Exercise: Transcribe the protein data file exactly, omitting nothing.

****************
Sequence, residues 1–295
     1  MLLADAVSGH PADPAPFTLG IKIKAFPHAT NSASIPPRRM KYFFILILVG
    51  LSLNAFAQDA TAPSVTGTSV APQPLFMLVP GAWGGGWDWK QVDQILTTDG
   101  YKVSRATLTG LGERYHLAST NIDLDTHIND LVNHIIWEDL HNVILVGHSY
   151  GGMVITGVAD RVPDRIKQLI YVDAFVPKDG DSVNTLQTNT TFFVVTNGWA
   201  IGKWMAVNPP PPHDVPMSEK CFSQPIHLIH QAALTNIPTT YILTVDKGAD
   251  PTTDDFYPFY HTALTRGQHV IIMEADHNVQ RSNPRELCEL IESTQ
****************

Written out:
Sequence, residues 1–295
     1  MLLADAVSGH PADPAPFTLG IKIKAFPHAT NSASIPPRRM KYFFILILVG
    51  LSLNAFAQDA TAPSVTGTSV APQPLFMLVP GAWGGGWDWK QVDQILTTDG
   101  YKVSRATLTG LGERYHLAST NIDLDTHIND LVNHIIWEDL HNVILVGHSY
   151  GGMVITGVAD RVPDRIKQLI YVDAFVPKDG DSVNTLQTNT TFFVVTNGWA
   201  IGKWMAVNPP PPHDVPMSEK CFSQPIHLIH QAALTNIPTT YILTVDKGAD
   251  PTTDDFYPFY HTALTRGQHV IIMEADHNVQ RSNPRELCEL IESTQ